Importers expect promotable volumes of high-quality sugar snap and snow peas, French beans and other Central American vegetables this winter.

In December, volumes of sugar snap and snow peas from Guatemala were ramping up for Southern Specialties Inc., Pompano Beach, Fla., said Charlie Eagle, vice president of business development.

Both items will be available in 10-pound bulk containers and 8-ounce microwaveable packs, Eagle said. In addition, sugar snaps will be packed in 2-pound convenience packs.

All items will be packed in new Southern Select packaging the company introduced in 2010, Eagle said.

One objective of the new packaging rollout was to extend the Southern brand further into club stores and the microwaveable category.

It’s worked. Southern now offers 10 items in its microwaveable lineup.

“Since we introduced the new packaging, we’ve experienced significant lift in sales, and we continue to expand the line,” Eagle said.

“Customers have typically more year over year sales when compared to other vendors. That’s really encouraging.”

It’s not that the Southern Selects line is priced lower than the competition, Eagle said. Customers respond to the presentation of the Southern brand.

The company knows — it commissioned surveys before launching the packaging, gauging consumer wants and needs. 

The Southern Select line was introduced in 2002, and Southern Specialties has expanded it every year since, Eagle said.

Also on tap for this winter from Central America, Southern Specialties plans to bring in French beans and hand-peeled baby carrots with tops from Guatemala, Eagle said.

The company’s French beans will ship in a variety of packaging options, including 8-ounce, 1-pound and 2-pound packs, Eagle said.

Demand continues to be strong for the hand-peeled baby carrots with tops, which come in orange and rainbow packs, Eagle said. The rainbows, introduced in the past year, have been a hit, he said.

“It’s a gourmet item that’s different from traditional machine-peeled carrots,” he said.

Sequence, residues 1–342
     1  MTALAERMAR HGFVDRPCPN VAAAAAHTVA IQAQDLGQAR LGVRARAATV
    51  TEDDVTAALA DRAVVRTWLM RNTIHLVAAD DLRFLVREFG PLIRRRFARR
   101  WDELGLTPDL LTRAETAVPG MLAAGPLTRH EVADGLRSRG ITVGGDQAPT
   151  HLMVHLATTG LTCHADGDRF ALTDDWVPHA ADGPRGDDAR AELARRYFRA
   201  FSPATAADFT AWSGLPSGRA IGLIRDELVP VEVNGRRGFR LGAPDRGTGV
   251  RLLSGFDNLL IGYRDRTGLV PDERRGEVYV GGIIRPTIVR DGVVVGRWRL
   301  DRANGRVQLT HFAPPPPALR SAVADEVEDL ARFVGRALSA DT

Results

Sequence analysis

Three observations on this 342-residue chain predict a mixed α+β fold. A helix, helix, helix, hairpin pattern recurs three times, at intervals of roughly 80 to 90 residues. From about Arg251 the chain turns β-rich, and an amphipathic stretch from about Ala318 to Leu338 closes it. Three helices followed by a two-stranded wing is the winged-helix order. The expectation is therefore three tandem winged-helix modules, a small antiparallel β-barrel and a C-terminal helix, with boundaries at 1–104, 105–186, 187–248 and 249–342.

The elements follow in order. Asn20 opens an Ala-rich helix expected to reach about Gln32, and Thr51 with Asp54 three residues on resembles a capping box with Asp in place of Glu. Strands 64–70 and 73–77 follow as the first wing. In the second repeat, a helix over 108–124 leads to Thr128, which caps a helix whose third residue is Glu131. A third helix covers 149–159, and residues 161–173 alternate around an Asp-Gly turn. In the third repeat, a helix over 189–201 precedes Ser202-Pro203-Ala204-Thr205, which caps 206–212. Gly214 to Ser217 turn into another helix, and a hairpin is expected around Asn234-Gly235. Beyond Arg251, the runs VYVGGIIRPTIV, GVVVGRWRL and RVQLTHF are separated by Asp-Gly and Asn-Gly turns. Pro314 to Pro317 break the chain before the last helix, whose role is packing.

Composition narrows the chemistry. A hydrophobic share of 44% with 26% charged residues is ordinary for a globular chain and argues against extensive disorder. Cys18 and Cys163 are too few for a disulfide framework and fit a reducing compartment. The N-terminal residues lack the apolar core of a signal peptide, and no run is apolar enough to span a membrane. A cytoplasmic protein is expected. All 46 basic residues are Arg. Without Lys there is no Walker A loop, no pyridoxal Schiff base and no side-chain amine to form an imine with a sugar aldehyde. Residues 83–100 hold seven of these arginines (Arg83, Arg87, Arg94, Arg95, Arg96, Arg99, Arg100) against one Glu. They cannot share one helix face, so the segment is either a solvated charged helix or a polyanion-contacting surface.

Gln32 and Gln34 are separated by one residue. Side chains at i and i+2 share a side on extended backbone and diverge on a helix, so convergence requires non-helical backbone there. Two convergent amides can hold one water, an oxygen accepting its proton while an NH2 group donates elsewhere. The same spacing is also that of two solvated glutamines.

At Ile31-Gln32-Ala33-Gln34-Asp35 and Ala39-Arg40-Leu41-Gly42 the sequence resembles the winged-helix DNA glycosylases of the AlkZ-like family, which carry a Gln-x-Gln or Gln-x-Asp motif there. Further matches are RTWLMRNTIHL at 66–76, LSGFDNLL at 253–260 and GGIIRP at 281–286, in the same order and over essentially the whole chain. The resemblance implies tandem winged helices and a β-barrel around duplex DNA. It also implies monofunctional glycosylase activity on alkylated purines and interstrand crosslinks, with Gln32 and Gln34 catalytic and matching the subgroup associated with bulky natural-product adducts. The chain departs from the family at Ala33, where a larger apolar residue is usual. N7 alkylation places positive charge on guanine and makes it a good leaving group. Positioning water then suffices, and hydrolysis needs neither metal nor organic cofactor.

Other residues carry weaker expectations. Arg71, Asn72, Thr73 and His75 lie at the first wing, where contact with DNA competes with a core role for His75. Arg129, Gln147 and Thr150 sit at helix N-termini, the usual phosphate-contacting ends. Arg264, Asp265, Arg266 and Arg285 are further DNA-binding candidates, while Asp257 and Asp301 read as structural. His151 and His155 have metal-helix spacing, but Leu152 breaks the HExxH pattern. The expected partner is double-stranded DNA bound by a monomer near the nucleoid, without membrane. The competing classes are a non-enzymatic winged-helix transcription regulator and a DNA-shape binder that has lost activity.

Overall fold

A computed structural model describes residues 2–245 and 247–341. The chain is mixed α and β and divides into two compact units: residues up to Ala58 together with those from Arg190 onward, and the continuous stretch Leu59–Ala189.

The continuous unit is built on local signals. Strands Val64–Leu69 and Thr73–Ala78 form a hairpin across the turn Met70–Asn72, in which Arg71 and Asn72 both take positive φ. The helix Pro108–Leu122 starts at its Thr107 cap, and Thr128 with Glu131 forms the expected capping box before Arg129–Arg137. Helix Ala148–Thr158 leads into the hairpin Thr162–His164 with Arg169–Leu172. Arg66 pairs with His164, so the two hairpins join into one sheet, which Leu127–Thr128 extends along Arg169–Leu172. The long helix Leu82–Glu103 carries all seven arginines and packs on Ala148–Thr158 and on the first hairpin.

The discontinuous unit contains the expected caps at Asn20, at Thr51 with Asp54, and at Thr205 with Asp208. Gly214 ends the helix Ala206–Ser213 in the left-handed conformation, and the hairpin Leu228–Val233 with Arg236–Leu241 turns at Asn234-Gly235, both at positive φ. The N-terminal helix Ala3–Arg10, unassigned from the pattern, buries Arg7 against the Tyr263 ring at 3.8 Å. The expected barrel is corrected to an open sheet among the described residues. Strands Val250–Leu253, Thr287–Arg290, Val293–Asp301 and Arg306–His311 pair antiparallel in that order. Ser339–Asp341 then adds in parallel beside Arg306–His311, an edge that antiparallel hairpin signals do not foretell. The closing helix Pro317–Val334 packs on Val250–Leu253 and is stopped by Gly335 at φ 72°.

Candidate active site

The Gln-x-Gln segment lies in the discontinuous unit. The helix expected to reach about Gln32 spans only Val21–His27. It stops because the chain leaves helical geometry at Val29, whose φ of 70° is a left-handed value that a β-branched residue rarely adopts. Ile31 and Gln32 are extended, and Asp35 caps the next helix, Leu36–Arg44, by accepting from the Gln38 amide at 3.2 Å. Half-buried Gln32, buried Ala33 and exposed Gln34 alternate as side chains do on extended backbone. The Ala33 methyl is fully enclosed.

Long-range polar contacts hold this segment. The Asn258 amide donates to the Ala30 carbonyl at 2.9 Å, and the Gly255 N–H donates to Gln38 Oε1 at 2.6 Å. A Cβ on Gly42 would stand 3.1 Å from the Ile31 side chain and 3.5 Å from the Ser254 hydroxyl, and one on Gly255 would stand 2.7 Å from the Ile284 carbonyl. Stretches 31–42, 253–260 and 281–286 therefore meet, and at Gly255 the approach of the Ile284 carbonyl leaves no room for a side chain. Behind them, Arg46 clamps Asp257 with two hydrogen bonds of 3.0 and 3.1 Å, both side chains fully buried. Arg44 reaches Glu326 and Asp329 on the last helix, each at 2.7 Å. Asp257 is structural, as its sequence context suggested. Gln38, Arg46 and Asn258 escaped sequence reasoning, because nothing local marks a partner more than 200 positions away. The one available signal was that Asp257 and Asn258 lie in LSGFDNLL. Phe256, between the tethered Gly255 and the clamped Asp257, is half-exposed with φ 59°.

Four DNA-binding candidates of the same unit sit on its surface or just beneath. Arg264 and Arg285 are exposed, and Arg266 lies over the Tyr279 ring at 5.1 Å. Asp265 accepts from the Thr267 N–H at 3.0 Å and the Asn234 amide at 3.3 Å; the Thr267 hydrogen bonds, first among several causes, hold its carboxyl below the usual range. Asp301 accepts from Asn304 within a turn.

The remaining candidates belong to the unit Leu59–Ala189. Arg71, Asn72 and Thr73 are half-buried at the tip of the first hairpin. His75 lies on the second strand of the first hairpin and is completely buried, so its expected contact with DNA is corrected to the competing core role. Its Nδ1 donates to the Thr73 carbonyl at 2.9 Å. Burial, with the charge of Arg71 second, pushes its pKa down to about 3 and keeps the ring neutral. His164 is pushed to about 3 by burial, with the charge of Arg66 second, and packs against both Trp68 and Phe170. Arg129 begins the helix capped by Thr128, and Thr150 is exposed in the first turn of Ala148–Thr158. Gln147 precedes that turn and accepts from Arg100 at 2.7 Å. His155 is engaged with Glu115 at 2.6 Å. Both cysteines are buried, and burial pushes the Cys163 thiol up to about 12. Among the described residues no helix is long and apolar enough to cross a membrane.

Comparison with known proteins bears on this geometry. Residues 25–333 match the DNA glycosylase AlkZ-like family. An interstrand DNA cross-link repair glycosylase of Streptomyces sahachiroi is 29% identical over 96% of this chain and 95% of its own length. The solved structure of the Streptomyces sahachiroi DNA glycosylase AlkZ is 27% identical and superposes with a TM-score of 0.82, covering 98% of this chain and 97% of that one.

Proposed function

New this year for Southern Specialties are Guatemalan brussel sprouts, which come in an 8-ounce peeled microwaveable pack, Eagle said.

The company expects to add a 1-pound pack in the near future.

The product is on some retail shelves now, Eagle said, with plans to expand distribution significantly in 2012.

The genesis for the product came not from Southern Specialties, Eagle said, but from its customer base.

“We introduced it in response to customer requests,” he said.

“We did some trials, and felt it was a complementary item.”

In 2011, Princeton, Fla.-based New Limeco LLC ramped up production of its ginger, chayote squash and other Hispanic root vegetables from Central America, said Eddie Caram, the company’s general manager.

In the past, the company typically brought in one container of root vegetables a week. Now, Caram said, it’s more often two.

“In the past six months we’ve seen an increase, with more chains” establishing root vegetable programs with New Limeco, Caram said.

Plantation, Fla.-based Fresh Quest Inc. imports Central American vegetables as a complement to its melon program, the company’s mainstay, said Lou Kertesz, vice president of sales.

“It’s not something we mass produce,” he said.

“We try to find a gap for certain commodities, see if we can fill a void. It’s a source of diversity for us.”

This winter, Fresh Quest plans to bring in greenhouse-grown French beans from Guatemala, herbs from Guatemala and okra from Honduras, Kertesz said.

The company’s greenhouse-grown bean deal is a year-round program.